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Keratoconus and Your Eyesight

/, Corneal Crosslinking, Keratoconus/Keratoconus and Your Eyesight

Keratoconus and Your Eyesight

If you have been recently diagnosed with keratoconus, you are not alone! Keratoconus is actually a common disorder that affects approximately 1 in 2000 individuals, or over 150,000 Americans.

Typically, keratoconus is first exhibited in adolescence or early adulthood between the ages of 10 and 25 and may progress through young adult life. In some cases the disease progresses quickly, but more often, it is characterized by slow, progressive changes. In its early stages, the effects of keratoconus can be counteracted with simple prescription glasses or contact lenses. As the condition advances, however, it is common for a patient to require a new prescription each time they visit their eye doctor.

Keratoconus occurs when the cornea— the transparent dome-like covering over the front of the eye — stretches, changes shape, and becomes thinner. Because this deformation disrupts the cornea’s ability to refract light properly, keratoconus sufferers often experience blurred vision, light sensitivity, and the perception of “glare” in vision. In severe cases, it can cause abrupt clouding and weakening of the vision, with the back of the cornea rupturing and filling up with fluid.

Learn about more ways keratoconus can affect your eyesight below!

1. Keratoconus is a Treatable Disease!

Though these symptoms may sound frightening, it is important to note that a keratoconus diagnosis does not doom you to blindness. A skilled corneal doctor will be more than able to provide you with the expertise and treatment to preserve your eyesight. Mild cases can almost always be treated with typical prescription lenses, and even more severe cases can be treated with minimally invasive procedures.

If you are diagnosed with keratoconus, it is critically important that you get the help of an experienced eye care provider as soon as possible. Early intervention is the key to proventing further progression and vision loss. Blindness is an incredibly rare outcome for individuals suffering from keratoconus, especially when treated by a skilled ophthalmologist and corneal surgeon.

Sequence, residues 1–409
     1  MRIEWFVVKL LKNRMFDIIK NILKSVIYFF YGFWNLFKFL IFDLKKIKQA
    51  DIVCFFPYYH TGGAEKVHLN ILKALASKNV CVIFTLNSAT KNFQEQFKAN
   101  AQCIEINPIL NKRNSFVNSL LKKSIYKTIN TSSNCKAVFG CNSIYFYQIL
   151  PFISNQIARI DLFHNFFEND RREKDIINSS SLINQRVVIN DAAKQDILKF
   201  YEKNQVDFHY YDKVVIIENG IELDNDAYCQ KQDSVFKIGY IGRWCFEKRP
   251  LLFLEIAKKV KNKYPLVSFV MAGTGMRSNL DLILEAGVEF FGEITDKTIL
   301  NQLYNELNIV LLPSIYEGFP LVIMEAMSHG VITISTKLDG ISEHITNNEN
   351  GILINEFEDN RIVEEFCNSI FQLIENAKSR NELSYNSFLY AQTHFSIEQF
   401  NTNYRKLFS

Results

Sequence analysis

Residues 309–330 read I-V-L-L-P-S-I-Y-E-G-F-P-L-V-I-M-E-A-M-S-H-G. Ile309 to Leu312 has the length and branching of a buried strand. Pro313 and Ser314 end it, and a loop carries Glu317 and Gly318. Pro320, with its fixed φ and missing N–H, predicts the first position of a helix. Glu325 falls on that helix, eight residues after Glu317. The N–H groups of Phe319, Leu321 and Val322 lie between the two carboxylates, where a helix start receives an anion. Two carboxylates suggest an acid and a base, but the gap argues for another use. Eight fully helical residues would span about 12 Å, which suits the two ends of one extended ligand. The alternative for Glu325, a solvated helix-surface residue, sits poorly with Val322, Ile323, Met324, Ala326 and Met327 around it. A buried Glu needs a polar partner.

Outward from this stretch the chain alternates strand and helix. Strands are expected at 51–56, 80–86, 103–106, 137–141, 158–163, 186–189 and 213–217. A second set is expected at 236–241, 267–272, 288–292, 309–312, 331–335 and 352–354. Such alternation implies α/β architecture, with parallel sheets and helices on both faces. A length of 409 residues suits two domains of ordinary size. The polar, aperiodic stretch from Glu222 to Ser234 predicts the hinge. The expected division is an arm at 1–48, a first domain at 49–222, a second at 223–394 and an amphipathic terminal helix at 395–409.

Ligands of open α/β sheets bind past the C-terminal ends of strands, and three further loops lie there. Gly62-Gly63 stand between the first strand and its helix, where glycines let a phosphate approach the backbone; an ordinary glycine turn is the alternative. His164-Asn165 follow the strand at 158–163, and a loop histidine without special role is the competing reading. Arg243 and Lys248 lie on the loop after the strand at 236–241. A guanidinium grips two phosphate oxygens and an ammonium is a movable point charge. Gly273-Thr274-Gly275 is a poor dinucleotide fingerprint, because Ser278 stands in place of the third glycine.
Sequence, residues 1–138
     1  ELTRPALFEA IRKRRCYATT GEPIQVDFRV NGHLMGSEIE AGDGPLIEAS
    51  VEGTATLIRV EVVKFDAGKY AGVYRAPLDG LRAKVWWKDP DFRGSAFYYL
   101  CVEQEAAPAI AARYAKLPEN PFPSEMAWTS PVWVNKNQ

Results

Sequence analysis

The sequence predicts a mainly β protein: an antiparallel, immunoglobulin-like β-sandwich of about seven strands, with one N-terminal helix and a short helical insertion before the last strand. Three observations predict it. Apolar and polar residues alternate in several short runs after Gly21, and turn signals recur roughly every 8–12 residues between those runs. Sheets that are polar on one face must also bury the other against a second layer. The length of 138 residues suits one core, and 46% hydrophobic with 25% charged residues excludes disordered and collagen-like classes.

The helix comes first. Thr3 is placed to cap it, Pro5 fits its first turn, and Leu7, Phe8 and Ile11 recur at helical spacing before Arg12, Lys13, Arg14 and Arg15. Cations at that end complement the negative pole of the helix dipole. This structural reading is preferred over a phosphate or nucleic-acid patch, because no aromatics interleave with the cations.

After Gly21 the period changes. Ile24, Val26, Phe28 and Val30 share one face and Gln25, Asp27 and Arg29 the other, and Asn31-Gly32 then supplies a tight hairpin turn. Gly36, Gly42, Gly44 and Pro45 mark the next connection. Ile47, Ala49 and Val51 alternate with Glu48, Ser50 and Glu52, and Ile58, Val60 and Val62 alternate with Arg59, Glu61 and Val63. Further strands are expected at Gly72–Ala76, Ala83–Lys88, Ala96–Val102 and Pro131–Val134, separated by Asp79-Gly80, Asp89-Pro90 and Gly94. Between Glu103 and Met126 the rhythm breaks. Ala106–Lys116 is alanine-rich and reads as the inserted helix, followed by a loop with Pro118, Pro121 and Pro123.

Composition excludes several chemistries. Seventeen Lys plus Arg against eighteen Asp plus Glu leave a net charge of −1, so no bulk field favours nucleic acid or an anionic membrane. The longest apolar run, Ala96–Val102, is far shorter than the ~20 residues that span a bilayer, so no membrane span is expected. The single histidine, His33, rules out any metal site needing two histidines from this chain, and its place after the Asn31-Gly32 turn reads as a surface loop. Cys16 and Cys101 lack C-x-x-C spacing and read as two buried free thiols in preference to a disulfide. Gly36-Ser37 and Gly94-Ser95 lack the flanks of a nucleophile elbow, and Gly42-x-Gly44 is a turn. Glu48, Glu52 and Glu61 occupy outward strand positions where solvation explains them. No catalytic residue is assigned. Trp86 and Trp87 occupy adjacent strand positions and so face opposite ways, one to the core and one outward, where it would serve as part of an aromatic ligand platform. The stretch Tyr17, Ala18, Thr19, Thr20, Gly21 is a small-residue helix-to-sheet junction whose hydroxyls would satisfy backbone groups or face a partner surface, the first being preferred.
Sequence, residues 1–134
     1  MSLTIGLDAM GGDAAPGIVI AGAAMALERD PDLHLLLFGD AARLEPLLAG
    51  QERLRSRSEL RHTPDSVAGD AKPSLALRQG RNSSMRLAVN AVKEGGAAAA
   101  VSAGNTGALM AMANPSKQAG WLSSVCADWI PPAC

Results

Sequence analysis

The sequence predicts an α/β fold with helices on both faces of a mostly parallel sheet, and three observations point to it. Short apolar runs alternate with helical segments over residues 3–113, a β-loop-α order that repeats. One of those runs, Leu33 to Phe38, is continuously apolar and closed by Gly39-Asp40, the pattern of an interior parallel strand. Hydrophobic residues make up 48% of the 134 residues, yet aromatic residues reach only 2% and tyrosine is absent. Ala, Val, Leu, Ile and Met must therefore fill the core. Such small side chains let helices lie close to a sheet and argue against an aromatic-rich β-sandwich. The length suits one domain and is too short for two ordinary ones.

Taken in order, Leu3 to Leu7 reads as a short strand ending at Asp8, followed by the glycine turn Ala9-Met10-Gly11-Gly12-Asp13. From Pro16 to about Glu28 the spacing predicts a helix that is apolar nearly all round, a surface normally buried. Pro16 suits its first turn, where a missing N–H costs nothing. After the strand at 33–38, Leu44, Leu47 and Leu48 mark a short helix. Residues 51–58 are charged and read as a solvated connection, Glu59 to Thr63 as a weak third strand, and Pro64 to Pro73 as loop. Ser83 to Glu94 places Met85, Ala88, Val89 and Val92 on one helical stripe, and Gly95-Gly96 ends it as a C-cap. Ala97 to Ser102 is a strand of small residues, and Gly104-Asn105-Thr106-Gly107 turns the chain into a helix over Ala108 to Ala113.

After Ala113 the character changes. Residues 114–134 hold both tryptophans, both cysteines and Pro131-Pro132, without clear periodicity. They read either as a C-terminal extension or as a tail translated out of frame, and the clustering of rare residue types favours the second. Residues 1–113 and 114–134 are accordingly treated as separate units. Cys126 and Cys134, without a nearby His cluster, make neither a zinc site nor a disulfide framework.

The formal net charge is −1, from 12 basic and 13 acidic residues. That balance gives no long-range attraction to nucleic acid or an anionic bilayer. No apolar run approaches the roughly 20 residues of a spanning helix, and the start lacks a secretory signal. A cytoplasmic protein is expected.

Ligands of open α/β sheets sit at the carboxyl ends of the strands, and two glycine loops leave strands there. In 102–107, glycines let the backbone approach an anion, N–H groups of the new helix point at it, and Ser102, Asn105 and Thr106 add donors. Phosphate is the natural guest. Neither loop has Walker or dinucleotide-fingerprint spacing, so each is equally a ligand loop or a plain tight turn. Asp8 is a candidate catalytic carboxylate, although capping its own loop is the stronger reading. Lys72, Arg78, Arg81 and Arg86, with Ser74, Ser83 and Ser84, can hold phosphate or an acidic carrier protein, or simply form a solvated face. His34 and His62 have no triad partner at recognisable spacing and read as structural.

2. Don’t Rub Your Eyes!

One of the simplest ways to slow or reduce the chances of progression of keratoconus and is to stop rubbing your eyes.

We feel the urge to rub our eyes for a number of reasons, the main one being that it stimulates the release of tears, providing near-immediate lubrication and relief from dry eyes and irritants. While this effect may sound positive— and of course, feel good—the long-term impact of rubbing your eyes can be incredibly damaging. The array of dangers posed by rubbing your eyes habitually are immense: ruptured blood vessels, scratching of the cornea, introducing germs into your eye, and thinning of the cornea, which is a big threat to keratoconus sufferers and non-sufferers alike.

If you have been diagnosed with keratoconus, it is absolutely imperative that you stop rubbing your eyes immediately, as continued stimulation can cause your condition to advance more drastically.

3. Corneal Crosslinking is the Only FDA Approved Treatment That Can Halt the Progression of Keratoconus

If you have been diagnosed with keratoconus and the condition is progressing, corneal crosslinking is a minimally invasive procedure that can halt the progression of the disease and prevent further deformation of the cornea.

During a corneal crosslinking procedure, the corneal tissue is strengthened by fortifying and increasing the “anchors” which hold collagen fibers together in the cornea, leading to a stronger cornea which is no longer prone to further stretching or thinning.

In the corneal crosslinking procedure, after application of anesthetic drops to keep the eye numb, FDA-approved drops are used every two minutes to saturate the corneal tissue with riboflavin. The eye is then exposed to a special ultraviolet light using the KXL system (FDA-approved for this treatment).

Contact Hill Vision Services

If you have been diagnosed with keratoconus in the St. Louis area, contact Hill Vision Services!

Our eye care center is part of the Avedro Center of Excellence network, the nation’s leading experts on corneal remodeling and keratoconus treatment. We are proud to offer comprehensive expert treatment for keratoconus, including the KXL system, which provides the most effective outcomes for patients.

While a keratoconus diagnosis may feel scary at first, the ophthalmologists at Hill Vision Services have the experience, knowledge, and skills to protect your eyesight.

By | 2020-04-09T15:35:25-06:00 April 9th, 2020|Categories: Cornea Services, Corneal Crosslinking, Keratoconus|0 Comments

About the Author:

Dr Geoffrey Hill, MD
Dr. Geoffrey Hill is the eldest son of Dr. Gregory Hill. He joined the Hill Vision Services practice in the summer of 2015. Dr. Hill received his medical degree at Saint Louis University and completed his ophthalmology residency at Cook County Hospital in Chicago. He has also completed a fellowship in cornea and ocular surface disease at the University of Texas Southwestern in Dallas, Texas. Dr. Hill is a member of the American Academy of Ophthalmology and the American Society of Cataract and Refractive Surgeons.